Vanuatu Times Daily News





By Hilaire Bule

VFSC team during the meeting on digital assets this week

Vanuatu Financial Service Commission’s (VFSC) Commissioner, Branan Garae, has said Vanuatu wants to promote digital assets but there is a risk as there are no guidelines in place yet.

He said there is a need to put in place a guideline for interested people to apply.

Manager Supervisor for the VFSC, Joshua Tari, said currently there is potential for the people to loose their money.

For that reason VFSC has decided during its board meeting this week to issue a first statement to educate people of Vanuatu on this issue.

VFSC said as the integrated regulator for non-banking financial services it is supportive of Fintech (financial technology)-related activities in the jurisdiction.

In light of the developments in Fintech activities, and the numerous queries from its licensees and stakeholders regarding the possibility for them to invest in cryptocurrencies and other digital assets, the Financial Dealers Licensing Act has been amended and now gazetted.

The amended Financial Dealers Licensing (FDL) Act No. 9 of 2021 created four classes of FDL licenses, Class A, B, C and D.

The Class D license authorizes the regulated and licensed entity to “provide service of distribution, secondary trading, custodial storage, provision of investment advice or other services in relation to digital assets”.

In seeking to provide clarifications to its licensees and stakeholders on investment in digital assets, including cryptocurrencies, VFSC says it considers as a digital asset, any token in electronic/binary form which is representative of either the holder’s access rights to a service or of the ownership of an asset.

A digital asset, in this respect, includes a digital representation of value which is used as a medium of exchange, unit of account, or store of value but which is not legal tender, even if it is denominated in legal tender, represent assets such as debt or equity in the promoting company and provides access to a blockchain-based application, service or product.

The VFSC statement said that a digital asset will, however, exclude any transaction in which a business, as part of an affinity or rewards programme, grants value, which cannot be exchanged for legal tender, bank credit or any digital asset and a digital representation of value issued by or on behalf of the publisher for use within an online game platform.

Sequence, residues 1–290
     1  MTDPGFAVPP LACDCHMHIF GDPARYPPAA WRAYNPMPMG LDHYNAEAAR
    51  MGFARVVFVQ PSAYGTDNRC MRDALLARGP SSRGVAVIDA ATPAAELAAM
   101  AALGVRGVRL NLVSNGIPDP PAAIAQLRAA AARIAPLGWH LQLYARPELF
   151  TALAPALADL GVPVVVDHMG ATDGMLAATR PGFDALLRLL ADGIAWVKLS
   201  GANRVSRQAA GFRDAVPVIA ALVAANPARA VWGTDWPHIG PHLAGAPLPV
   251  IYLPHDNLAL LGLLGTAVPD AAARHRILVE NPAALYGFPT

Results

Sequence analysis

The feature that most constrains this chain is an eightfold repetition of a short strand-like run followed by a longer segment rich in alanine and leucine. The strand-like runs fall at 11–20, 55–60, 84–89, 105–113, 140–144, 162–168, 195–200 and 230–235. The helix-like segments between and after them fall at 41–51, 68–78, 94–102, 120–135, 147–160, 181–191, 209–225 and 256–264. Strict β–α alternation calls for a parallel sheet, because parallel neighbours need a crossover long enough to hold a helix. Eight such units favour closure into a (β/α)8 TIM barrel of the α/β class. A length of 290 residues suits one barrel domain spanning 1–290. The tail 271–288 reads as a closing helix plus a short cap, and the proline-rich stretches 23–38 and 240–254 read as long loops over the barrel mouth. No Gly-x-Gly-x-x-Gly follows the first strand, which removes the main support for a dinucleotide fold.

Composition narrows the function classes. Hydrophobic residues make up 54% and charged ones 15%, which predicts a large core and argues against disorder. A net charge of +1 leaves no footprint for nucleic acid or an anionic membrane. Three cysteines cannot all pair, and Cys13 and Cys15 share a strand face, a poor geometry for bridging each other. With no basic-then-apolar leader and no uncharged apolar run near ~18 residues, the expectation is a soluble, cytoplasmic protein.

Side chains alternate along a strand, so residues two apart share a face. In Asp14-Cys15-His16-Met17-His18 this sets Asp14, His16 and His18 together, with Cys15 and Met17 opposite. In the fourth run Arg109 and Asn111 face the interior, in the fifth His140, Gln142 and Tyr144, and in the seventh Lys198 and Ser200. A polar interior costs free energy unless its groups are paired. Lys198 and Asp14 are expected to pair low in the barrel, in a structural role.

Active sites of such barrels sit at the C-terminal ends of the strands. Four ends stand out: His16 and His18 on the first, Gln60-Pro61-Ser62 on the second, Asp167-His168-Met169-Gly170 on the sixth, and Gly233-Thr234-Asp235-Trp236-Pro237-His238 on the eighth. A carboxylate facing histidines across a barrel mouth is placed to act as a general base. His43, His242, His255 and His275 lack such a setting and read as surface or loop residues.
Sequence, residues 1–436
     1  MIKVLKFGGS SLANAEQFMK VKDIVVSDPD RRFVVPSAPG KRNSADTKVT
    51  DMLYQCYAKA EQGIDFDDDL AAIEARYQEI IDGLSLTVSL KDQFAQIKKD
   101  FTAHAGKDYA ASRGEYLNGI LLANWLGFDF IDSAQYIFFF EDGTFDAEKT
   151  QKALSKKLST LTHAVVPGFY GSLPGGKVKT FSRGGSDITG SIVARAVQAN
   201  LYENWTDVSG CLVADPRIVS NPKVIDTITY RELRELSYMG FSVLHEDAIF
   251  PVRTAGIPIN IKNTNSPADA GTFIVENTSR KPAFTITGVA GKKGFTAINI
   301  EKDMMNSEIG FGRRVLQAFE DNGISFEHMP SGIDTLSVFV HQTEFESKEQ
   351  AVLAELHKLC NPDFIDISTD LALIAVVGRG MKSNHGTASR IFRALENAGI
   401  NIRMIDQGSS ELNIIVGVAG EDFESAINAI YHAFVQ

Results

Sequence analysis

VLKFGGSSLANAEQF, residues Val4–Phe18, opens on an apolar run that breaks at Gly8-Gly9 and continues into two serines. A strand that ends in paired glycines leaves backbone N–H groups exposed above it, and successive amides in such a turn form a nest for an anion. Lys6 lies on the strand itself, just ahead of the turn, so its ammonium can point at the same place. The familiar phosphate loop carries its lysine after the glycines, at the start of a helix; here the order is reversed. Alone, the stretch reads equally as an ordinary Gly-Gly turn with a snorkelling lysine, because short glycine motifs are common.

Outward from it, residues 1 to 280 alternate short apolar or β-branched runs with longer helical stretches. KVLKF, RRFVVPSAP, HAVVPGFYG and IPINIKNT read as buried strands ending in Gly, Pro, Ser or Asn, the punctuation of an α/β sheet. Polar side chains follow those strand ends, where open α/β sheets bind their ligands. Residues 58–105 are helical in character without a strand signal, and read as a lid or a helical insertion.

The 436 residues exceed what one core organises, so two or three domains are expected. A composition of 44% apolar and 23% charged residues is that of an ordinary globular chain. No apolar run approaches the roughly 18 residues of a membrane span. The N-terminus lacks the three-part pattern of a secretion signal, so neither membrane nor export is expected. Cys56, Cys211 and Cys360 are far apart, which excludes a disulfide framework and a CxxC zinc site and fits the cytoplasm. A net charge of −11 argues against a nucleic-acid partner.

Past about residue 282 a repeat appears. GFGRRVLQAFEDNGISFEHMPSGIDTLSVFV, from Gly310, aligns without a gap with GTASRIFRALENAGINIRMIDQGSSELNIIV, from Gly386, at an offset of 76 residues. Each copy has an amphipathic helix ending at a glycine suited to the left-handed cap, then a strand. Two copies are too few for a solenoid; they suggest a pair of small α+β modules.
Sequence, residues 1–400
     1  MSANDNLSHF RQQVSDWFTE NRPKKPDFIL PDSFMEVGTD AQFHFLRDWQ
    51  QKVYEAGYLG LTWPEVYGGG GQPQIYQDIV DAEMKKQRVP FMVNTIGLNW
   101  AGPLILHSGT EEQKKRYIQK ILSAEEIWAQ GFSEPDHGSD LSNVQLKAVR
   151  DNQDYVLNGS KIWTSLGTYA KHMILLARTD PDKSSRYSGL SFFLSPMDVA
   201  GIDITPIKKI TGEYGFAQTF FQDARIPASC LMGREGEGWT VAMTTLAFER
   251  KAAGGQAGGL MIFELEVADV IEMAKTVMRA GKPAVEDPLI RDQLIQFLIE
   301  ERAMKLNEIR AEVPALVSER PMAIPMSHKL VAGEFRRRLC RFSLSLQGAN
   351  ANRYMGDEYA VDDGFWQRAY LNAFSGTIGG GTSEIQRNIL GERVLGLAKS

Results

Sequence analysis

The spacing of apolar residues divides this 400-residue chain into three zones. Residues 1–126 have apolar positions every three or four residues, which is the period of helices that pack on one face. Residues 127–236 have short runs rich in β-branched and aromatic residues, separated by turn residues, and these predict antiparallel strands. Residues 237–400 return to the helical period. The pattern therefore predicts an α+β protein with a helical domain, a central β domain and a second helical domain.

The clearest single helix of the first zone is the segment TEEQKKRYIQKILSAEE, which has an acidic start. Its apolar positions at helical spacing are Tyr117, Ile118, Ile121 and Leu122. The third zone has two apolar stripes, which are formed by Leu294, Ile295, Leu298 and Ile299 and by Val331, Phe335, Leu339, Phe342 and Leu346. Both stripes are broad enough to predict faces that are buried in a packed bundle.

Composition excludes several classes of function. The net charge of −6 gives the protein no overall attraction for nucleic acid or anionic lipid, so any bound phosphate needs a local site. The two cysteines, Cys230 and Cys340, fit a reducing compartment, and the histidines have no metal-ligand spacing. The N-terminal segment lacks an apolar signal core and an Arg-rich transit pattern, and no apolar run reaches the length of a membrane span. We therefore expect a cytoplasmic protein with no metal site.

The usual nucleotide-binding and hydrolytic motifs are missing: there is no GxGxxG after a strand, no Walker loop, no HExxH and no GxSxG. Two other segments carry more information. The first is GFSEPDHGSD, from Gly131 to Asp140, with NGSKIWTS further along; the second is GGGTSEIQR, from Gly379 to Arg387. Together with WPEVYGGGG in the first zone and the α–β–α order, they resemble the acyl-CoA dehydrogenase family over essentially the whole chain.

“Cryptocurrencies are not legal tender in Vanuatu and the VFSC considers it as sub-category of digital asset,” the VFSC statement states.

Cryptocurrencies, unlike fiat currencies, are not legal tender in Vanuatu as per the Reserve Bank of Vanuatu communiqués No.15 of 2017 and No. 10 of 2018.

However, the VFSC acknowledged that, albeit reliant upon market demand and supply, cryptocurrencies have “value” since they are exchangeable for other things that have value.

“Thereby showing characteristic akin to physical commodities such as grain or precious metal.

“The VFSC thus considers cryptocurrencies, from a regulatory standpoint, as being a “store of value”, similar to physical commodities.”

The statement said there is recognition of digital assets cryptocurrencies as an asset-class for expert investors.

“Since transactions in cryptocurrencies are unregulated and their prices are extremely volatile in their exchange rates to fiat money, investments in cryptocurrencies tend to be of a high-risk nature.

“The VFSC nonetheless, recognizes that digital assets and cryptocurrencies may constitute an asset-class appropriate for investment by sophisticated investors, expert investors, expert funds, specialized collective investment schemes, professional collective investment schemes (PCIS) and closed-end funds (CEF) for licensed dealers.

“VFSC wishes to inform the public that financial dealers license holders are already regulated entities.

“Only these entities holding classes A, B and C licenses may be considered for a class D license which will be allowed to deal in digital assets.

“No issuance, no initial coin offering is allowed, so restriction in the nature of dealings.

“All of them are reporting entities to VFIU and are licensed and supervised by VFSC.”

The VFSC statement went on to say that the addition of digital asset to the Financial Dealers Licensing Amendment Act is a small step forward for Vanuatu and a fully fledged regulatory and legislative framework still needs to be put in place and there is till a long way to go.

“The Distributed Ledger Task Force led by VFSC is currently working on further amendment and on a specific detailed legislation about virtual asset business that will address the needs of Vanuatu and will provide the necessary enabling legislation to ignite the full potential of blockchain technology.

“VFSC is informing the public that investment into digital assets and cryptocurrencies is not protected by any statutory compensation arrangement in Vanuatu.

“Given the high-risk nature of Investment, the VFSC considers that cryptocurrencies may not be suitable for investment by retail investors at this stage.

“VFSC thus urges all prospective investors to fully ascertain the related risk prior to committing any funds for investment in digital assets and cryptocurrencies.

“In addition, VFSC hereby informs the public and retail investors that any investment in cryptocurrencies is at their own risk and that they are not protected by any statutory compensation arrangement in Vanuatu.

“All Financial Dealers Licenses granted will be reviewed before renewal and at this stage VFSC confirms to the public that no license of class D for digital assets dealer has yet been issued.

“Innovation and digitalization are phenomena no jurisdiction can ignore; Vanuatu must mitigate the risks whilst harnessing the opportunities that digital assets provide.”


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